What’s Missing in Missions? Christopher Wright Weighs In

Christopher Wright shares some insightful observations on where evangelicals have made mistakes in doing missions on the Koinonia blog.  He points to false dichotomies we’ve made that have hindered our outreach.  For example,

We have tended to separate the individual from the cosmic and corporate impact of the gospel, and to prioritize the first. That is, we put personal salvation and individual evangelism at the centre of all our efforts, (and of course individual evangelism is an essential part of our commitment.). But Paul’s order of the gospel message in Ephesians, and Colossians 1:15-26, is Creation (all things in heaven and earth, created by Christ, sustained by Christ and redeemed by Christ), then:, church (with Christ as head), and then individual Gentile believers: ‘and you also’. All of this, says Paul, is ‘reconciled through the blood of Christ shed on the cross’. So we are not saved out of creation, but as part of creation that God has redeemed through Christ. The church is not just a container for souls till they get to heaven, but the living demonstration of the unity that is God’s intention for creation, in itself a ‘preaching’ to the principalities and powers because of what God has accomplished and proved in the creation of ‘one new humanity’ in Christ. All this we learn from Ephesians and Colossians, but we still tend to put all our emphasis on getting individuals saved.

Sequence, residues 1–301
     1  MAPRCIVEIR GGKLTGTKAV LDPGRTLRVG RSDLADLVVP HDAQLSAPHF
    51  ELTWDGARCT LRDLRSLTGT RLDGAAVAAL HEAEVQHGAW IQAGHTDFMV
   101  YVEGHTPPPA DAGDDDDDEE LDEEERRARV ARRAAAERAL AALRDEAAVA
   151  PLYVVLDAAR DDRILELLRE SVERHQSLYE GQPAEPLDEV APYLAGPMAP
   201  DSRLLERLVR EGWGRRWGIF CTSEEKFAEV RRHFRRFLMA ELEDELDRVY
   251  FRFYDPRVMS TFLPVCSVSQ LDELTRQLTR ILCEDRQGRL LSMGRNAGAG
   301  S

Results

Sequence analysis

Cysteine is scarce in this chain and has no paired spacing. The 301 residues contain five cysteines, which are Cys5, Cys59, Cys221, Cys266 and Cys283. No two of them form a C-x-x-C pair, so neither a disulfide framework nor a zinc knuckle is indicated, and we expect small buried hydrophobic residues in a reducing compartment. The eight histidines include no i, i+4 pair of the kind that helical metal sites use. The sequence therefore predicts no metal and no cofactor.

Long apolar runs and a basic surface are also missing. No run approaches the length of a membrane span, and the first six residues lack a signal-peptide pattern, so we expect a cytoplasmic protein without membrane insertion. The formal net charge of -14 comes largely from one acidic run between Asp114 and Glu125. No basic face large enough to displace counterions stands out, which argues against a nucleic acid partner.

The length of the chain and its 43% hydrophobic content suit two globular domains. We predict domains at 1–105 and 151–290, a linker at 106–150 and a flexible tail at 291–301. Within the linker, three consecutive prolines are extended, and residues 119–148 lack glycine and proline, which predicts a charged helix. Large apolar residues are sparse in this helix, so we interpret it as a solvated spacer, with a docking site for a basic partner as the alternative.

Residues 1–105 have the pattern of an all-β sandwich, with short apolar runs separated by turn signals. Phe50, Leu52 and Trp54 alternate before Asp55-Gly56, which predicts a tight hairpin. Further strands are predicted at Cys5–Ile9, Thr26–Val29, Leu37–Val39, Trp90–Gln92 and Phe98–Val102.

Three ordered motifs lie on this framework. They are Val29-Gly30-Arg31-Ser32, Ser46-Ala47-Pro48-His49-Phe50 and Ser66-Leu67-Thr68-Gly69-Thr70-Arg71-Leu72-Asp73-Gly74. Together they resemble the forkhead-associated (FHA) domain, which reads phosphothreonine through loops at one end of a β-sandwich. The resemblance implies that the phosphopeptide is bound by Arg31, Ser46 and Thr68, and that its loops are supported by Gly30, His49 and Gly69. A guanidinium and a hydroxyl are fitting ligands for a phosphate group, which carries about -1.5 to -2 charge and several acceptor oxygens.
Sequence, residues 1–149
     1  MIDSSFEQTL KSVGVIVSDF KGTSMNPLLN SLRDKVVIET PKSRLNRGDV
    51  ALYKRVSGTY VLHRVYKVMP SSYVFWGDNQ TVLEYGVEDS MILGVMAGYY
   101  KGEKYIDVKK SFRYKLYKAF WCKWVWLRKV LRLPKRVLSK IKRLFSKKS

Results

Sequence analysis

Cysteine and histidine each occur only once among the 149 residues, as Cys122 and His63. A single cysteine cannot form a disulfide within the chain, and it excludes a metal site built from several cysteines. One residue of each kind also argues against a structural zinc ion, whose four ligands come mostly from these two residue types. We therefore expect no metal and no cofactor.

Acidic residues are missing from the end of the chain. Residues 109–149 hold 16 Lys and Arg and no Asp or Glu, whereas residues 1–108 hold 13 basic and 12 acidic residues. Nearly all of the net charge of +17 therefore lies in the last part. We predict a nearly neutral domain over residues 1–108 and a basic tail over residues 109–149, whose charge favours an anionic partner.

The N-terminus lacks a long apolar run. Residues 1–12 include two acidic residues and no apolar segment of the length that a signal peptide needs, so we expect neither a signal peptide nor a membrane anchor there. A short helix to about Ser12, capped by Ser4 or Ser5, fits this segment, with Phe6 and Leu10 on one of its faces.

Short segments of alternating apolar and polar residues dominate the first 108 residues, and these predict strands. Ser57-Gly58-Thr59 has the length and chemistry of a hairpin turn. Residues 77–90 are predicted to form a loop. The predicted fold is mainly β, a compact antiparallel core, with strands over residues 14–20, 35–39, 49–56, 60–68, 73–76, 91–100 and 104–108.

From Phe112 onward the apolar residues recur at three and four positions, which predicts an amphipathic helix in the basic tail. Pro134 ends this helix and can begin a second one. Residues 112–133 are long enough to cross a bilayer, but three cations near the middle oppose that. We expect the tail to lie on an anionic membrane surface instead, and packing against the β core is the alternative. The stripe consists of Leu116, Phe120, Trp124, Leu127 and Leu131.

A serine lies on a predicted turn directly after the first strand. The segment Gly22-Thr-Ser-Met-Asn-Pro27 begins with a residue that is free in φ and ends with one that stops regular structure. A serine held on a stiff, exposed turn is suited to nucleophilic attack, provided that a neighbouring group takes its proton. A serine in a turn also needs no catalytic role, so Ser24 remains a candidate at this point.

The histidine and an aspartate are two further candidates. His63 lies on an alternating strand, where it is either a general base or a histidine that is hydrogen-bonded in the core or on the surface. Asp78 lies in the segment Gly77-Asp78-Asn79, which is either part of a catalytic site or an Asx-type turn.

The bad result of this weakened theology is that Christians evangelized by such a truncated version of the biblical gospel have little interest in the world, the public square, God’s plan for society and the nations, and even less understanding of God’s intention for creation itself. The scale of our mission efforts therefore is in danger of being a lot less than the scope of the mission of God.

The second part of this interview should be posted on Koinonia tomorrow.

Reblog this post [with Zemanta]

Leave a Reply

Fill in your details below or click an icon to log in:

WordPress.com Logo

You are commenting using your WordPress.com account. Log Out / Change )

Twitter picture

You are commenting using your Twitter account. Log Out / Change )

Facebook photo

You are commenting using your Facebook account. Log Out / Change )

Google+ photo

You are commenting using your Google+ account. Log Out / Change )

Connecting to %s